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Flickr user NASA Goddard Space Flight Center/Flickr / http://j.mp/1SPGCl0

In this all-too-fast-paced era we live in, it's comforting to see something that's managed to stick around for 225 years – the Old Farmer’s Almanac.

What Massachusetts schoolteacher and bookseller Robert B. Thomas started in 1792 is still with us. The 2017 edition is now out.

Flickr user/Flickr / http://j.mp/1SPGCl0

If it looks like your parched lawn is crying out for a drink, you've got company.

Parts of the state are in the grips of a dry spell, and it's turning lawns crispy and brown. 

Thanks to continuing cold temperatures and snowfall, Michigan is not yet done with skiing for the season.

Three mountains will be open this weekend: Mount Bohemia, Boyne Mountain, and Ski Brule. Bohemia is reopening after closing this past week, while Boyne and Brule have yet to close.

Parts of the Upper Peninsula have seen unusually high snowfall this month. Marquette, MI is already having the fifth-snowiest April on record, with over 32 inches of snow already, according to the local division of the National Weather Service. 

What it takes to make snow when nature's not cooperating

Dec 24, 2015
Paula Friedrich / Michigan Radio

Artificial snowmaking is a complicated process, but it's one that's important to ski resorts this year as Michigan's weather stays balmy.

While it's possible to go really granular in explaining how snow guns work (everything from humidity to water pressure can change when snow can be made), it boils down to four basic "ingredients."

Click through the slideshow at the top for your snowmaking basics.

A few photos of this week's rolling waves

Nov 13, 2015
Mark Brush / Michigan Radio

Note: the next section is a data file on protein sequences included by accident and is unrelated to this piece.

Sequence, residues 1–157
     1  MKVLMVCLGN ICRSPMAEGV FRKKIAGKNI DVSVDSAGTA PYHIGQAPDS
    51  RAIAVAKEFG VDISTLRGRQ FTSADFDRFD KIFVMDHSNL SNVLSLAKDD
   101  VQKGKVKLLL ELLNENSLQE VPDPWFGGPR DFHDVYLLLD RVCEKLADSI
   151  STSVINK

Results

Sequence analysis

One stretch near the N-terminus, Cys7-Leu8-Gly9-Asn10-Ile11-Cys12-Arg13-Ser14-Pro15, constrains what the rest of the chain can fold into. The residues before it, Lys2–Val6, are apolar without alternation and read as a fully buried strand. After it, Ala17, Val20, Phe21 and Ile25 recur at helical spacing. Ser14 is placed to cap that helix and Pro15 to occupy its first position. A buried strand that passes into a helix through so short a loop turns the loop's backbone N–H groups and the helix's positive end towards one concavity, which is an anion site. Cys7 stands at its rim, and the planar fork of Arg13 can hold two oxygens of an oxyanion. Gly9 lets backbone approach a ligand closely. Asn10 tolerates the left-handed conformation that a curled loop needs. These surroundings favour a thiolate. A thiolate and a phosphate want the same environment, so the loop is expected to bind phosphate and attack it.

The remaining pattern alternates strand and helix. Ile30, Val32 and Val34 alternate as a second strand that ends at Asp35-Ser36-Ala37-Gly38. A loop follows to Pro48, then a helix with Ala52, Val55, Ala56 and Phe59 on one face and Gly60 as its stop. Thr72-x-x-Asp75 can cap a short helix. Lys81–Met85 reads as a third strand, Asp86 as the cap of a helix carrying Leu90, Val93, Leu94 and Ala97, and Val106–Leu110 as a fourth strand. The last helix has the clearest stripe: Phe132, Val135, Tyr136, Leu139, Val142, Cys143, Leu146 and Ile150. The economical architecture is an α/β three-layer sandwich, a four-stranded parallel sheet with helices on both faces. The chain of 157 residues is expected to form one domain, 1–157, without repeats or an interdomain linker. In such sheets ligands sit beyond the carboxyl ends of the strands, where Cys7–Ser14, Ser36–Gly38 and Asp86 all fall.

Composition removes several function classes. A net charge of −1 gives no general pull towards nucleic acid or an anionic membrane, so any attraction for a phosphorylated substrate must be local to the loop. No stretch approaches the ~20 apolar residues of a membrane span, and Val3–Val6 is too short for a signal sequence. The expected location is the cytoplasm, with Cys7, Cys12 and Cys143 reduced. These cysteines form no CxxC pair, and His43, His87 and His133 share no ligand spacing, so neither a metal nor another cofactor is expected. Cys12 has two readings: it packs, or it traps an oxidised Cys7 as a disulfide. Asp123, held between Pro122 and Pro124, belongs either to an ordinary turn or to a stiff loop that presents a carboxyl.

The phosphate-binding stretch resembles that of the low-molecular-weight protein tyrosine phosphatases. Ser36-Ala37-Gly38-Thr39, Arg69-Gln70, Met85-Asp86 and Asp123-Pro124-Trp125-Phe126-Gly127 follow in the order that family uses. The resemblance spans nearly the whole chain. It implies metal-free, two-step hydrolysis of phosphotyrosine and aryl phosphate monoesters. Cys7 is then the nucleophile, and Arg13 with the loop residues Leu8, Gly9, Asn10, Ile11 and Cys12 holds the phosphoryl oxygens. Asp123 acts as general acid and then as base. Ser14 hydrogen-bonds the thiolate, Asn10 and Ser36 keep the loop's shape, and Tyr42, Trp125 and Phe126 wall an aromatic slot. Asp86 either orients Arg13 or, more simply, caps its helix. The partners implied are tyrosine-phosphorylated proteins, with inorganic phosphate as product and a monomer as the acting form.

Heavy wind made for surprisingly Instagramable "bad weather" this week. Here are some photos from Instagram for those of you who couldn't see the waves in person:

We might get 20 foot waves in Lake Michigan this week

Nov 11, 2015

Those gales of November are coming in full force tonight.

The National Weather Service issued a notice that predicts waves up to 20 feet high in Lake Michigan over the next few days.

Split Rock Lighthouse - The Annual Lighting to Commemorate the Loss of the Edmund Fitzgerald
Pete Markham/flickr / http://michrad.io/1LXrdJM

Did you know the Edmund Fitzgerald sank in a fierce storm on November 10, 1975?

As Gordon Lightfoot wrote in his song about the Fitzgerald, which sank in the waters of Lake Superior:

That good ship and true was a bone to be chewed
When the gales of November came early.

What's with these powerful winds and storms as we move from October to November?

NOAA's Climate Prediction Center says a strong El Nino in the Pacific is increasing chances for warmer-than-average temperatures this December through February.
NOAA

Yes, we're expecting freezing temperatures in much of Michigan and even snow in the Upper Peninsula this weekend, but call your bookmaker (or, rather, your weather futures trader) and plop down your bet on what might happen this winter.

Hillary Pasternak, student
Paula Friedrich / Michigan Radio

Sirens tore through Michigan Monday night, warning of strong thunderstorms and a few tornadoes. As you woke up, groggy at 1:30 a.m., what did you make sure you had before seeking shelter?

We asked a few people what their top three items to save would be.

Wikimedia Commons / Wikimedia Commons

This weekend marks the 50th anniversary of one of the most devastating weather events in Michigan history: the Palm Sunday tornado outbreak.

It happened with virtually no warning on April 11, 1965. Killer tornadoes smashed through the Midwest over a 12-hour span, killing 271. Michigan was one of the hardest-hit states with 53 deaths.

Steve Carmody / Michigan Radio

GRAND HAVEN, Mich.  - Another round of winter weather is expected to make travel difficult in parts of Michigan as bitterly cold temperatures moderate somewhat.

Temperatures on Tuesday morning ranged from just above zero to the low 20s. It was 6 in Detroit, 7 in Grand Rapids and 17 in Traverse City.

Snowflake.
user RachelEllen / Flickr

DETROIT - Bitterly cold weather is expected to persist across Michigan into the weekend.

Temperatures moderated from Sunday and Monday's deep freeze, with readings Tuesday morning ranging from 8 below zero in Monroe to 18 above in Ludington. Highs were expected in the low 20s.

Help! I'm covered in snow! (Ann Arbor, MI)
Mike Perini / Michigan Radio

More than a foot of snow fell on much of Michigan after a major winter storm that lasted around 28 hours.

To get a quick sense for how much snow fell and where it fell, MLive's Andrew Krietz created this map with data from the National Weather Service.  

The storm started on Sunday, February 1, 2015. Monday was a “snow day” across much of the state as schools and businesses closed for the day - even U of M had a snow day - a rare event. 

University of Michigan's Climate Center